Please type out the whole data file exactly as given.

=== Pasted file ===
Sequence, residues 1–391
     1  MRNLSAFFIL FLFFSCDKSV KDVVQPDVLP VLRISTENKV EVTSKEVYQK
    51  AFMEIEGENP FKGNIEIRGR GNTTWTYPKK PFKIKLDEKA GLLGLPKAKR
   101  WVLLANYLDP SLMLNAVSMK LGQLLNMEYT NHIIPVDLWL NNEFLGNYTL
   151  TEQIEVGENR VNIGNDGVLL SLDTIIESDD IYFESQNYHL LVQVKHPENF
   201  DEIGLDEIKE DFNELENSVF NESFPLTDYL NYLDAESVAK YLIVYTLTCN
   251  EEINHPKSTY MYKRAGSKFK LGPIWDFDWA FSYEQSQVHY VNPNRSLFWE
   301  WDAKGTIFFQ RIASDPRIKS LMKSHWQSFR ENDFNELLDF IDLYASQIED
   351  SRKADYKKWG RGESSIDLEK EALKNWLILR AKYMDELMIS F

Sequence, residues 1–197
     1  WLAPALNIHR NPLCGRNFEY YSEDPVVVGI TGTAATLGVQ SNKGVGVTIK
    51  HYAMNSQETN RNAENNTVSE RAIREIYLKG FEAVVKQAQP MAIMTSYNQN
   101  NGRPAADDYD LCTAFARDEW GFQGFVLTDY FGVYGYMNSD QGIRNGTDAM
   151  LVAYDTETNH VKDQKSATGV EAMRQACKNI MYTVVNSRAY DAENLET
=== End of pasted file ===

Sequence, residues 1–391
     1  MRNLSAFFIL FLFFSCDKSV KDVVQPDVLP VLRISTENKV EVTSKEVYQK
    51  AFMEIEGENP FKGNIEIRGR GNTTWTYPKK PFKIKLDEKA GLLGLPKAKR
   101  WVLLANYLDP SLMLNAVSMK LGQLLNMEYT NHIIPVDLWL NNEFLGNYTL
   151  TEQIEVGENR VNIGNDGVLL SLDTIIESDD IYFESQNYHL LVQVKHPENF
   201  DEIGLDEIKE DFNELENSVF NESFPLTDYL NYLDAESVAK YLIVYTLTCN
   251  EEINHPKSTY MYKRAGSKFK LGPIWDFDWA FSYEQSQVHY VNPNRSLFWE
   301  WDAKGTIFFQ RIASDPRIKS LMKSHWQSFR ENDFNELLDF IDLYASQIED
   351  SRKADYKKWG RGESSIDLEK EALKNWLILR AKYMDELMIS F

Sequence, residues 1–197
     1  WLAPALNIHR NPLCGRNFEY YSEDPVVVGI TGTAATLGVQ SNKGVGVTIK
    51  HYAMNSQETN RNAENNTVSE RAIREIYLKG FEAVVKQAQP MAIMTSYNQN
   101  NGRPAADDYD LCTAFARDEW GFQGFVLTDY FGVYGYMNSD QGIRNGTDAM
   151  LVAYDTETNH VKDQKSATGV EAMRQACKNI MYTVVNSRAY DAENLET